We were interested in a place, we backed out of it, and we decided to buy his place because that wasn’t the issue here. I looked online, I googled fracking in NY. I found one thing referring to protesters as “coots,” but there was ntohign about this pipeline, this power plant. So we felt safe, and we bought the place, and now we’re just heartbroken.

I’m certainly not going to go outside as much. We love where we live and have worked hard on our house and property. We don’t want to leave but we’ll have to play that one by ear. We’ve already lost one of our dear next door neighbors who moved out of the state directly because of the plant and the pipeline.

Pramilla Malick, activist & state senate candidate

Minisink NY

Our fight is not against Millennium Pipeline itself, our fight is against Big Gas. We’re standing on the precipice of not only a public health catastrophe but a climate catastrophe as well. There are these massive expansions underway. Our community is critical because we are in between the extraction fields and the big market, which is New York City, and there are very powerful forces behind this. Those powerful forces have influence over every single level of government, over every single political party, and also over our quote unquote public interest organizations. I realized that this community is just going to have no chance whatsoever. I said look, all right, we’re not going to get help? We’ll do this ourselves.

My priority had always been my kids, and I haven’t been there for them. This fight has not been convenient. It’s come at enormous cost to our family, their academics. They were all musicians; my oldest son went to Juilliard. They were all preparing to go to Juilliard; I had to give all of that up for this fight. Sometimes I think about whether it was worth it, but I think I know in my heart of hearts it is worth it. Because it was a choice of their future and the future of all the children in this community, and something which is great for their individual lives, but what good is it if they don’t have clean air, clean water? If they don’t have safe food to eat, then they have no future.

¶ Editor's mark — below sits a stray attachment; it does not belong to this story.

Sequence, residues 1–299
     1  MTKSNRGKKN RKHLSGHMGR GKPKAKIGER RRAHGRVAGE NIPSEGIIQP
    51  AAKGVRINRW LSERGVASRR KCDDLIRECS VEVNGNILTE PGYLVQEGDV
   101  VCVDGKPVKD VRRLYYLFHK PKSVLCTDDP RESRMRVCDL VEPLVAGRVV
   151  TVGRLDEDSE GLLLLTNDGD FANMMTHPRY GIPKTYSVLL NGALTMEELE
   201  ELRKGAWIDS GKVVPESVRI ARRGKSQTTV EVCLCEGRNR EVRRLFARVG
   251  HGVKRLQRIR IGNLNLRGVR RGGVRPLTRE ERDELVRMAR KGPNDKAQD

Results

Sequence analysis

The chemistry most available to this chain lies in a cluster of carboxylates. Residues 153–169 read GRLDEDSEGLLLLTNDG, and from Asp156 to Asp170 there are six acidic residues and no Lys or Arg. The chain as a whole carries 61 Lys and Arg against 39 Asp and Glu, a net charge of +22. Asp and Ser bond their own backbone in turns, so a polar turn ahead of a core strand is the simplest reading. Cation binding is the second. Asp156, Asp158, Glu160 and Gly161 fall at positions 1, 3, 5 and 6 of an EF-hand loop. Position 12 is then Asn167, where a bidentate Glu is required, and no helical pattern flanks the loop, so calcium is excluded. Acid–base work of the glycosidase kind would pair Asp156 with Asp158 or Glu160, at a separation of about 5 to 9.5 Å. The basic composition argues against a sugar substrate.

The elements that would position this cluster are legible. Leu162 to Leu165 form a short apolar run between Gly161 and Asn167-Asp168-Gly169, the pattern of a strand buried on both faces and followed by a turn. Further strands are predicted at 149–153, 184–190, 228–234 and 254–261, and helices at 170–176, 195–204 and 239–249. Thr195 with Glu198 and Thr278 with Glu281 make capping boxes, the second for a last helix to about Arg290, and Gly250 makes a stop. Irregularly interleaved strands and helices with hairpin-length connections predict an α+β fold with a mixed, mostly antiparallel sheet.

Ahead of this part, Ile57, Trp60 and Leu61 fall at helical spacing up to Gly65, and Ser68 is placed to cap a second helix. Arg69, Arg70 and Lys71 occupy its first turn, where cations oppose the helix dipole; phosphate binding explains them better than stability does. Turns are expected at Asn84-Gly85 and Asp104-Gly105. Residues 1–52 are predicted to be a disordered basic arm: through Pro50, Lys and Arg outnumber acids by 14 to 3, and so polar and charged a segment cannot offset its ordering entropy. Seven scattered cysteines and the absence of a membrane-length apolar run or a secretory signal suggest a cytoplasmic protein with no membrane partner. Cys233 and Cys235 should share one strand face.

I’m very lucky right now that three of my four kids are in college, because I would have a real hard time allowing them to be exposed to this stuff.

I wish I could go to sleep at night and say oh somebody’s going to come and save us and don’t worry because something else is going to work out, and somebody will come around and realize how wrong this all is, but it’s just not happening. The same people who got us into this mess, they can’t be trusted to get us out of it. After the Percoco verdict now, a lot of people are talking the talk, but at this point we need action.

When CPV fired up, we got hundreds of calls from miles away: Montgomery, Port Jervis, Warwick, from all over our county saying what is that smell? I can’t breathe, I’m choking. People waking up with their throat burning, eyes burning, gums burning in the middle of the night. I was like, how is this possible? Have we become that broken? Is our democracy that broken that people can be so blatantly poisoned and nobody seems to want to do anything about it?

We’re becoming a fascist society, we really are. The kind of control corporations have over our country today, I’m very comfortable saying publically that we are encroaching upon fascism. Because that is the definition of fascism, the collusion between corporate interests and government.

Cancer is the alarm. Cancer rates are rising. The number of children getting cancer is rising rapidly. Children are born with strong immunity, strong resistance. Children should not be getting cancer. Everyone runs for cures: I want to know the cause. I don’t want people to have to go through this, and I don’t accept that our communities and our children are going to be used as guinea pigs either. Don’t come to me 15 years from now and say oh we’re sorry we exposed you to this but here’s some compensation, and we’re sorry for all your suffering, you either lost your child or your child has lost a leg – that’s not acceptable.